A senator and survivor of a sadistic annual Purge night participant's gruesome home invasion that left her family dead looks to nab the presidency to put an end to The Purge. With the upcoming Purge Night, her opponents conspire to take her out of the political campaign. Will she survive the night?
Written & Directed by James DeMonaco
It's probably the thing on everyone's mind who went out to see The Purge: Election Year (2016) over the July 4th weekend; not only was it cleverly chosen to usher in the United States' annual celebration of its independence from British rule, but did Election Year just give an overt smack to our past and present? Or is it predicting our future? In many ways, yes and both. It's only even made more daunting by the fact that we can fill in the gaps with recent examples of this assertion that lays bare a country in a racial, cultural, economic, and political hailstorm that really hasn't known much else ever.
With frightening precision, Election Year is a jolt akin to John Carpenter's They Live. Something that the teenagers in the front row of my theater will take with them now and in the years to come in understanding how our country decides to operate. How, as all of them were of African descent, imagine their existence in a country that systemically colludes with their extinction. Election Year very cleverly pulls at the compulsion of hope, but manages to yank it away.
James DeMonaco continues to expand on the world he created back in 2013 with the original film, an underwhelming home invasion movie that was in hindsight, his Trojan horse to deliver a larger message through more interesting characters, providing subtext to America's relentless state of distress. In particular, the visually striking Kimmy, a.k.a. "Freakbride" played by newcomer Brittany Mirabile (@BrittMirabile).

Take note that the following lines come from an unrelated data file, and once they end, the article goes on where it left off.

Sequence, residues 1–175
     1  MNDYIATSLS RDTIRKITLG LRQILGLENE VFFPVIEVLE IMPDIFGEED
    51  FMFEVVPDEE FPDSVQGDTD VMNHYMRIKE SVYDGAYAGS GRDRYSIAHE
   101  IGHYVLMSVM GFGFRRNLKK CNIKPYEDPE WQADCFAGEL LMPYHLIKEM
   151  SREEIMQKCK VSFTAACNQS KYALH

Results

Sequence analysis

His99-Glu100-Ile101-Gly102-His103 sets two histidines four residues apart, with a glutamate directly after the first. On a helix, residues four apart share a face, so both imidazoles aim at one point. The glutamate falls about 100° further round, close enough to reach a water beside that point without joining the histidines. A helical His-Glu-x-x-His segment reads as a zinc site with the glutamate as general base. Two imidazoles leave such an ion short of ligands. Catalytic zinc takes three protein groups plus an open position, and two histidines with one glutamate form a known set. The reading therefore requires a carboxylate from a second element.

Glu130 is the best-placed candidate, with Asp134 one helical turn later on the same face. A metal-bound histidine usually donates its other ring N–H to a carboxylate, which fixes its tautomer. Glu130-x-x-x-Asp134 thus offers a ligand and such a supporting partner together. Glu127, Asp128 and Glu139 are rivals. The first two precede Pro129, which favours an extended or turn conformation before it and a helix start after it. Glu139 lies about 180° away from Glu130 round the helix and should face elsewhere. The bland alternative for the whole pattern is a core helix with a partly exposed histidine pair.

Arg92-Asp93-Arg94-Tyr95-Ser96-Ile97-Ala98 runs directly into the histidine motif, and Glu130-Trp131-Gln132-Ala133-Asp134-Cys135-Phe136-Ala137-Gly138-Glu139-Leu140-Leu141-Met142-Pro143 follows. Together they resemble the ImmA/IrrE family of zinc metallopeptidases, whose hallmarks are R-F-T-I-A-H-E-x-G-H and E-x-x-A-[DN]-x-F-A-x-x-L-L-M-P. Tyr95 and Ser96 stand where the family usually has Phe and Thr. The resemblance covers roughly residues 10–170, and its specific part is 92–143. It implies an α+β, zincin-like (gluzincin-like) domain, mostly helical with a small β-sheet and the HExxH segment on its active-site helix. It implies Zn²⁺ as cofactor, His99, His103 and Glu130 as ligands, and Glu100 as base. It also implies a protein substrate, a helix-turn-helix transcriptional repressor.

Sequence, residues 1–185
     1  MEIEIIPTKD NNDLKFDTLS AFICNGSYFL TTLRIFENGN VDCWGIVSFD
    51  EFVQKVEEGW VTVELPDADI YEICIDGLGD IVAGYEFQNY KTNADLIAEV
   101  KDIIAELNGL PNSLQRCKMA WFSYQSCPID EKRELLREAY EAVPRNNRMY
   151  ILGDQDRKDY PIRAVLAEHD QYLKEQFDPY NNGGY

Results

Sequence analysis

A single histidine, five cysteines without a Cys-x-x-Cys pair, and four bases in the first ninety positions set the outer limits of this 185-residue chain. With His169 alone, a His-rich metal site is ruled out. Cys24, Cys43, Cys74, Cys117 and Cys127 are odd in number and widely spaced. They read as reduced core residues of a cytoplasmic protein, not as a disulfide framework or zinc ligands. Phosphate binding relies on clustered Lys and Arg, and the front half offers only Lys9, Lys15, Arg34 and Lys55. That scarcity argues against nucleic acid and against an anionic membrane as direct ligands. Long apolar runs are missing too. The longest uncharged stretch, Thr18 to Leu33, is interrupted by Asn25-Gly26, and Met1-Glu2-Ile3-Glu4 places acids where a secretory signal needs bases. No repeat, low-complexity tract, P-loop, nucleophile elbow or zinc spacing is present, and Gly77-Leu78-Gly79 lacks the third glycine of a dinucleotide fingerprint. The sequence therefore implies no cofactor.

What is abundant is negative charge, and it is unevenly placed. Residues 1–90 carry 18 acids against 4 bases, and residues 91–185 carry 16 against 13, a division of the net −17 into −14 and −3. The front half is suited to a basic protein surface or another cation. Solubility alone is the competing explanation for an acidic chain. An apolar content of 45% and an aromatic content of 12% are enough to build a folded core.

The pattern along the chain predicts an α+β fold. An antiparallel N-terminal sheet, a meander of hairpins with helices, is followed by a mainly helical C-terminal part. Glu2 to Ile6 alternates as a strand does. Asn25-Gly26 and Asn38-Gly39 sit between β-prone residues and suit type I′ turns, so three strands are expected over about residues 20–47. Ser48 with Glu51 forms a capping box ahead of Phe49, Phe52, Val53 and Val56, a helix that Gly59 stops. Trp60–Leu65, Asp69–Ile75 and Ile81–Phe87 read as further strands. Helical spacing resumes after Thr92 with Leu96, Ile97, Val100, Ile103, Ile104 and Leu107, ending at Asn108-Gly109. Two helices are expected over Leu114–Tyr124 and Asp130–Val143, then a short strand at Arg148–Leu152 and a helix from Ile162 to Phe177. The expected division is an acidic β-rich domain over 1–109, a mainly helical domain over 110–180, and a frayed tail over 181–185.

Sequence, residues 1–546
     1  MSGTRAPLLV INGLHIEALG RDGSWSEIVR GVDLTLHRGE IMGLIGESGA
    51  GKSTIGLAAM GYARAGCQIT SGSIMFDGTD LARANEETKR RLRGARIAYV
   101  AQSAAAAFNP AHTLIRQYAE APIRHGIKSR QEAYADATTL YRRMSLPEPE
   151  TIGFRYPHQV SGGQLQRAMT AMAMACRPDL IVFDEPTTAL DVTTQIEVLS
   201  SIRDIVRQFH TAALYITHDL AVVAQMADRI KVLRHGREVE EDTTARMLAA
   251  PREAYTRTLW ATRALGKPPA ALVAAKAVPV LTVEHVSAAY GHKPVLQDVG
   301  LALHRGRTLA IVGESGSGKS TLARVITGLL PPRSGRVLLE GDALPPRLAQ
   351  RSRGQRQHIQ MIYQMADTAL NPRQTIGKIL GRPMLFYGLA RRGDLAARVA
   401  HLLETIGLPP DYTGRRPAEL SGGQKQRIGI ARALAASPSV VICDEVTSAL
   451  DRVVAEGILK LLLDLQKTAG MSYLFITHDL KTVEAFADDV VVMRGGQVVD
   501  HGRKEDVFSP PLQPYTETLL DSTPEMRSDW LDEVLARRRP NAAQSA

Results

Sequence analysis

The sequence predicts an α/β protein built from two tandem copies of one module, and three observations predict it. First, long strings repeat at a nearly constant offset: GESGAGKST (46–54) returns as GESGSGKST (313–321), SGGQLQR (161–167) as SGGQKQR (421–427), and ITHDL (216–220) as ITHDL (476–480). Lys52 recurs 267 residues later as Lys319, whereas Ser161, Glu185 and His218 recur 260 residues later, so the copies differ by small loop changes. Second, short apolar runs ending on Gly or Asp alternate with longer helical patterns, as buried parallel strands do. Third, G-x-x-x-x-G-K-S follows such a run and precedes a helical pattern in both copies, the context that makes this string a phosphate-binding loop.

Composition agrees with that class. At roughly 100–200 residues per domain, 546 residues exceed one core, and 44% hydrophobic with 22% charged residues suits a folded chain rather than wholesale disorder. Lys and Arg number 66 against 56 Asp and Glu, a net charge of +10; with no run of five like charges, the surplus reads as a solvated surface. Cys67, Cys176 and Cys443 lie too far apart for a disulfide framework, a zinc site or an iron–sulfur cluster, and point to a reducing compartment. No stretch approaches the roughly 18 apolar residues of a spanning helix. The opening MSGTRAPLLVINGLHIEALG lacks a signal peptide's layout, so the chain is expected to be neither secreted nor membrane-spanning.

She demands your attention immediately in the trailer, and she was equally thrilling in the film. For such a role, I knew there's was more there considering Election Year's tone and how each character, no matter how big or small their role, presented a different introspective reaction to the annual Purge. I got the exciting opportunity to pick Brittany's brain about her role and one of the aspects of the purge not quite explored with such a punch in previous films; its impact on 'The Purge' generation.
When Kimmy boldly revealed her face to her opponent, I knew there was another layer hidden behind her lustfully violent state, "After reading and seeing how Kimmy interacts with Joe [co-star Mykelti Williamson] I had to fill in the blanks and analyze why she behaves that way," Mirabile told me. "She was born in a world where the value of human life is completely skewed. She killed her parents and brags about it. She has complete disregard for the rights of others and in fact she enjoys violating them. She had this strange sense of invincibility and complete disregard for her safety. After some research it became clear, Kimmy has ASPD (Antisocial Personality Disorder)."
Mirabile furthers, "Within the world of the movie, the annual purge existed long enough to have a whole generation of Americans that don't know what life was like without the purge, which is absolutely horrifying, so that's what we explored."
The Purge: Election Year worked for me personally as an effective, action horror piece because it was so frustratingly similar to our real lives and the anxiety we face daily living in a country that prides law over human life. In many ways, Election Year is sad, sometimes daring, promising, and depressing all at once. And Kimmy, along with all of her opponents and allies is our present, and quite possibly, our future.